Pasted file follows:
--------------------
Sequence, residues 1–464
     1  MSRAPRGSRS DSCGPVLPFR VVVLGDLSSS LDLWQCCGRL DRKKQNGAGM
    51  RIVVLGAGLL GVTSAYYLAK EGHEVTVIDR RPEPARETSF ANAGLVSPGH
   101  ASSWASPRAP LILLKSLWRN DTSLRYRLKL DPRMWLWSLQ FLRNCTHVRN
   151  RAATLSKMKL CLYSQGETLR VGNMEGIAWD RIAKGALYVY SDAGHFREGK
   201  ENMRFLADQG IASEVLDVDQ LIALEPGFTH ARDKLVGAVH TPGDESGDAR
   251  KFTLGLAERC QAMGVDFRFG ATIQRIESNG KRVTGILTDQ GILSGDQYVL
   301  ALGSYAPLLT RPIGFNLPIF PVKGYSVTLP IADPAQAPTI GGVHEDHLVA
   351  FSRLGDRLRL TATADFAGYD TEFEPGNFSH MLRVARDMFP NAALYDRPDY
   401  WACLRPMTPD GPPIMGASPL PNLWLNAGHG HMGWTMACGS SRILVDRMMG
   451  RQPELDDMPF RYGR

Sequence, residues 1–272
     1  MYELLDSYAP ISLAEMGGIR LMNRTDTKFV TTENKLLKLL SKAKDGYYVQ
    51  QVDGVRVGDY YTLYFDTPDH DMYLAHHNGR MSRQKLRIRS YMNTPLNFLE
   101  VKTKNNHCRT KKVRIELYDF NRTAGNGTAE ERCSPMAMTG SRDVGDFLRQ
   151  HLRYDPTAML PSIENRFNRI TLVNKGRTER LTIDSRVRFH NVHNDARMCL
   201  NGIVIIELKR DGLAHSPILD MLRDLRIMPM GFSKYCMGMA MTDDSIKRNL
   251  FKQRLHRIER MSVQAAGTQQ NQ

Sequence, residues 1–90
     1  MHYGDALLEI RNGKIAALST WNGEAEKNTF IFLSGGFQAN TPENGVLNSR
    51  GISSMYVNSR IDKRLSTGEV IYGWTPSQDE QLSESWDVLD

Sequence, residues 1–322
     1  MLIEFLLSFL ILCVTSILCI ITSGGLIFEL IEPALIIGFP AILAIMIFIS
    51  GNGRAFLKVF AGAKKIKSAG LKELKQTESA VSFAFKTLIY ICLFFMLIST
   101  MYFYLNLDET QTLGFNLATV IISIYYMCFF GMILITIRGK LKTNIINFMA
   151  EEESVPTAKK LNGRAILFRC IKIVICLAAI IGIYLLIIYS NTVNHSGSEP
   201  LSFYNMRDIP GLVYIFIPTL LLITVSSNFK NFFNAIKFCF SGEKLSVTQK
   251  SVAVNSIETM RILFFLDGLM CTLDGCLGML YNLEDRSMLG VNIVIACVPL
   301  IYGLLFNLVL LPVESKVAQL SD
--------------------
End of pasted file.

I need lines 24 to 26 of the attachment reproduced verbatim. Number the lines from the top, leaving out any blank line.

    51  GNGRAFLKVF AGAKKIKSAG LKELKQTESA VSFAFKTLIY ICLFFMLIST
   101  MYFYLNLDET QTLGFNLATV IISIYYMCFF GMILITIRGK LKTNIINFMA
   151  EEESVPTAKK LNGRAILFRC IKIVICLAAI IGIYLLIIYS NTVNHSGSEP